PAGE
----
Make it clear, keep it simple

My first paid writing job was with an advertising agency. 

I applied for an art job, but there weren’t any.  ‘We do need a junior writer though,’ the MD said.  ‘Why don’t you do that until there’s an opening in the art department?’

I had no experience of writing advertising copy.  But the MD didn’t seem to mind.  ‘I think you can write,’ he said.  ‘And we have a training programme.  We call it “do it, review it, and do it again”.’ 

The programme seemed to work.  Within three weeks, I was earning my keep.

After my first week in the creative department, the senior writer took me out to lunch.  (Ah, yes.  Those wonderful Friday lunches.)

‘There are really only two things you need to remember,’ he said.  ‘Before you start, make sure that you know exactly what you want to say.  And, when you are finished, make sure that you have, in fact, said it.  Oh, and keep it simple.’

It was good advice.  It’s just a pity that David is no longer around to give the same advice to some of the people currently responsible for ‘the news’. 

While I find most opinion pieces reasonably well thought out and well written (even when the opinion is not one that I share), the same cannot be said for many news stories.

Too many stories begin with a grossly overloaded paragraph vaguely supporting an overly sensational headline.

Typically, the story then heads off in a different direction altogether, leaving the poor reader to wonder if he or she somehow misread the first paragraph.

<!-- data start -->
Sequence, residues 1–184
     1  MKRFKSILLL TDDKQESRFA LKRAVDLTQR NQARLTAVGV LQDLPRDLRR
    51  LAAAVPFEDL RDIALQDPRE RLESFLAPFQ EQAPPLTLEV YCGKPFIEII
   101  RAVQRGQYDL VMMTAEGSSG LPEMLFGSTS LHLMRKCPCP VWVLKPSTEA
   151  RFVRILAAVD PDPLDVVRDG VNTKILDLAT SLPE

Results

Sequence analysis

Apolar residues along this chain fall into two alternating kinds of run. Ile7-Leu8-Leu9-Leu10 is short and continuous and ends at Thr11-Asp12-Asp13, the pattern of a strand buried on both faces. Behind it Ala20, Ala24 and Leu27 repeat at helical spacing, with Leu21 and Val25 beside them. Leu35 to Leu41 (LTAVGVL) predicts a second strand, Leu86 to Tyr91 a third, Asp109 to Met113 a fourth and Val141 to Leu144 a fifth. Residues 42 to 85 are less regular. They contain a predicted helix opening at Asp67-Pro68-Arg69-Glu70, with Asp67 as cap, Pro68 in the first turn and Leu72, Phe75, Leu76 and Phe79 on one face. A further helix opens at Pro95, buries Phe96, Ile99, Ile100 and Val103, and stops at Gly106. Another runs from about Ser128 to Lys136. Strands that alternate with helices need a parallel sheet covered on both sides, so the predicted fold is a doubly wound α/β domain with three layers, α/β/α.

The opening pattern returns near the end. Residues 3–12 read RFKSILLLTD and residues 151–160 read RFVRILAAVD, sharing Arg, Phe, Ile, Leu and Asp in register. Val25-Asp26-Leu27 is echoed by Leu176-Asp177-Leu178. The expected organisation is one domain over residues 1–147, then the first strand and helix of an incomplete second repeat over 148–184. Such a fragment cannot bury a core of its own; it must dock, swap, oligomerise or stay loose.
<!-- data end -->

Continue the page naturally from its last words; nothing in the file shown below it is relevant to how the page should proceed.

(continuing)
This is often followed by a not-very-illuminating quote from an ‘expert’ – although the expert’s credentials are seldom established. 

(I’m looking forward to the story that says: XYZ’s chief economist, Delia Jones, predicts property prices will fall by as much as 30 percent in the second quarter.  Mind you, the last time Ms Jones got it right was way back in 1996.)

Finally, after squeezing in several tired clichés, the story drifts to a wishy-washy conclusion that often contradicts the headline.

Yes, I know that in the age of the 24-hour news machine, thinking time can seem a bit limited.  But that’s not really an acceptable excuse.

If more journalists would think more carefully about what they want to say; and if, before pressing send, they could make sure that they’ve actually said what they wanted to say; I could stop being quite so grumpy.

And if they would try to say what they mean as simply as possible – resisting the temptation to cram five facts and three clichés into a single sentence – I might even start to appreciate their skills.

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